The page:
Our UK correspondent Tom Aitken and his wife Ros have been visiting Israel and have been asking themselves the question: ‘Why and how does Israel exist, loathed, as it is, and for understandable reasons, by most of its neighbours?’
‘And what lies at the heart of a nation where religion and secularism are equally keenly espoused?’
Here’s his report –
Snapshots from JerusalemBy Tom Aitken
Ros and I have recently returned from nine days in Israel where we and 19 others were escorted, fed, watered and kept informed by Martin Randall Travel, who provided a Christian archaeologist as lecturer– and a Jew and a Palestinian as guides.
Here are some impressions derived from part of what proved to be one of the more strenuous ‘holidays’ we have ever enjoyed.
The four quarters
The Old City in Jerusalem is divided into unequal Jewish, Arab, Armenian & Christian quarters. In many ways these areas look very different but beyond that nothing much suggests exclusivity or no-go areas.
Yet Jerusalem is, arguably, a disaster waiting to happen. Its four distinct religious/racial groups nurse long-term differences. But normally, those differences are kept under wraps. Jerusalem needs visitors.
Disconcertingly, religious tensions erupt most predictably in the Church of the Holy Sepulchre around Christmas, when the six groups of Christian clergy who occupy the dark, cramped building (Latin Catholics, Greek Orthodox, Armenian Orthodox, Syrians, Copts and Ethiopians) become frantically possessive over jurisdictions within it.
Actual physical violence is not unknown at such moments.
Anywhere in the Old City, when the muezzin sounds the call to prayer, visitors are well-advised to clear a path through the narrow streets and underground passages while muscular young Arabic men hurtle through en route to the mosques.
Shrine on former Jewish Temple
Talking of mosques, why should there be an Islamic building on the highest point of both Jewish and Christian quarters? The shrine on the former Jewish Temple Mount is easiest to explain.
After the Muslims conquered Jerusalem in 638 AD/CE, they declared the former site of the Jewish Temple, Mount Moriah, to be their Holy of Holies. They had customarily directed their prayers towards it, because, as the 17th Sura of the Koran records, Muhammad had been taken, by night, from Mecca to Mount Moriah, and from there to heaven and back again.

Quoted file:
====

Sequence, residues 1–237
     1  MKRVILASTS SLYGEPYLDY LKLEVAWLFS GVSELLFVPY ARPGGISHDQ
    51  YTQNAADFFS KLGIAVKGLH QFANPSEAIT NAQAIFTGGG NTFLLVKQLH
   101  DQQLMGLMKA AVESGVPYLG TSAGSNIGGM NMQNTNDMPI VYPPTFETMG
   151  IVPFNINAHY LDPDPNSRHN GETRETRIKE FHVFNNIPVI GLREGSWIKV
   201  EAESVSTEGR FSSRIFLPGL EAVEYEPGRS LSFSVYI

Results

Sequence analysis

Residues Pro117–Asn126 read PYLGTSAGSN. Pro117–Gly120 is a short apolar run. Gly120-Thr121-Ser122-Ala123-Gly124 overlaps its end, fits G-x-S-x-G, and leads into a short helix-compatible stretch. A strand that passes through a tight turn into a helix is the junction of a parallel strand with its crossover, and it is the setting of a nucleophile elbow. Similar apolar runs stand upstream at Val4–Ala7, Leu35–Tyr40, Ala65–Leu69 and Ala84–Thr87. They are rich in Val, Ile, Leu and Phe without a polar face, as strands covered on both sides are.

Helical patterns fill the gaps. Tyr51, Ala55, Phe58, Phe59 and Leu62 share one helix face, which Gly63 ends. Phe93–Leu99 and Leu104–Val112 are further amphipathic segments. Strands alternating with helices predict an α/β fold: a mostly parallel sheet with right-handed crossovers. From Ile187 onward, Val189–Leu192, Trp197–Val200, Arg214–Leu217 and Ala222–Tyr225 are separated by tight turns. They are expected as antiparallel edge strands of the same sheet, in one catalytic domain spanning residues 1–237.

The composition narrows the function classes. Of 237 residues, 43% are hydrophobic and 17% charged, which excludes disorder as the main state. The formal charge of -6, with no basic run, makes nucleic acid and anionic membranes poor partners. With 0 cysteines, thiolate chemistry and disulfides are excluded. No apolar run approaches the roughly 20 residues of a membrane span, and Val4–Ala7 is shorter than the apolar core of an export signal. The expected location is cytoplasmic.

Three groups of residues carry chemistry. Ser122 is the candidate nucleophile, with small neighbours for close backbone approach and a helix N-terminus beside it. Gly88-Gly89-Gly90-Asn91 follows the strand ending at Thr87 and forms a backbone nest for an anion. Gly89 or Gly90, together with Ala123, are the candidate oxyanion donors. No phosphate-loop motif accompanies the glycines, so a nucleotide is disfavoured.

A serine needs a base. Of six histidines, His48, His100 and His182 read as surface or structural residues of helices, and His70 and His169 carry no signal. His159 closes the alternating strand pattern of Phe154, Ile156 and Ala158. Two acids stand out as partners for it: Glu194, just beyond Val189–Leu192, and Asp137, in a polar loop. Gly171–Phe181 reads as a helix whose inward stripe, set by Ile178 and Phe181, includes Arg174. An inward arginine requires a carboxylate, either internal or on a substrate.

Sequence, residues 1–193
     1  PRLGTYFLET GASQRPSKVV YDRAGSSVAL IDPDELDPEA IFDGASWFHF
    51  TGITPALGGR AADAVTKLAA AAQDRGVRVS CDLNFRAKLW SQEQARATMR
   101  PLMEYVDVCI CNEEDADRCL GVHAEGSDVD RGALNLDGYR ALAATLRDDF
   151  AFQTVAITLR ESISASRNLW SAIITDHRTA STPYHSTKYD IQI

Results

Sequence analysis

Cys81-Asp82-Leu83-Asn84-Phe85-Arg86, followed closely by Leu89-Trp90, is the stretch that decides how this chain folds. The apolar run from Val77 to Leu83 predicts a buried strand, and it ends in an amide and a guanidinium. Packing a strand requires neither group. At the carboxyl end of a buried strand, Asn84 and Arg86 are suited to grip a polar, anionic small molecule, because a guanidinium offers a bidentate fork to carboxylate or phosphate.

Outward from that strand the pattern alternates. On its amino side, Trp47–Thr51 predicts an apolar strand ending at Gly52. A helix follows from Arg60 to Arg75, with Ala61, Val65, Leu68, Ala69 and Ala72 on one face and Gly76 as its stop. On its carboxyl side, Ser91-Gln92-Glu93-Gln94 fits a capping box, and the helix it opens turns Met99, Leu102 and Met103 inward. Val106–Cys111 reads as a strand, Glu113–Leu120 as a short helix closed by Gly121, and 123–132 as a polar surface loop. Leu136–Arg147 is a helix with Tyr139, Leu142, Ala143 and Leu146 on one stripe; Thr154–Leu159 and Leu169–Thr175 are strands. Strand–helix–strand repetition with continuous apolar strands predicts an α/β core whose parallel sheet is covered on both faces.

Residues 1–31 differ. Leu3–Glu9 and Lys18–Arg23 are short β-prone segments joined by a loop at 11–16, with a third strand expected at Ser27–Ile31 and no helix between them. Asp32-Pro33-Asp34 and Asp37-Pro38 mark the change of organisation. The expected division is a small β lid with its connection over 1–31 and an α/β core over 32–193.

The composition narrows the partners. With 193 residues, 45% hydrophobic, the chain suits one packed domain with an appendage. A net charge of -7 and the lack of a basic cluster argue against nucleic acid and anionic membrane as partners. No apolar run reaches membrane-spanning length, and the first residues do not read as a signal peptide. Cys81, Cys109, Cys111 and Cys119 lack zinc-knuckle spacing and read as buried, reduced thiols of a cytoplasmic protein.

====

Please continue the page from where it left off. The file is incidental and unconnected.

The Dome of the Rock, completed in 691, laid the foundation of Islamic architecture. Nowadays, non-Muslims may visit this area only when no services are taking place.
Archaeological digging is not permitted anywhere within this area.
The small mosque surmounting the Christian Quarter illustrates Israel’s enforcement of the right of all citizens to practise any religion or none, and of the legal provision that any building declared a place of worship is thereafter sacrosanct.
This small house, high in the Christian quarter, was occupied by a Muslim family, who asserted their faith by converting it into a mosque. Henceforward, a mosque it will remain.
Around a couple of corners, as you walk along the walls, hailed cheerfully by people in the streets below, and enter the Jewish Quarter, you may work out the answer to a question posed by our ebullient Jewish guide, Ronny (an immigrant from Sweden, where he was born).
‘How,’ he asked, ‘do you distinguish Jewish houses from Arab ones?
The Jews in Israel who look most obviously like Jews are Ultra-Orthodox men, wearing black suits and big black hats. Many originate from areas of central and Eastern Europe where anti-Semitism was rife.
Charmingly, on wet days they cover their hats with supermarket plastic bags.
More seriously, they will be at the centre of a political row that is just getting started. Until now, unlike all other Israelis, male and female, they have been exempt from the standard three years of compulsory military service and some other social obligations. Their justification has been that they are serving the state by studying Jewish law.
This exemption has now been declared unconstitutional by the Supreme Court.
Expect difficult times in the parliament, the Knesset, which is polarised between ultra-Orthodox and secularists.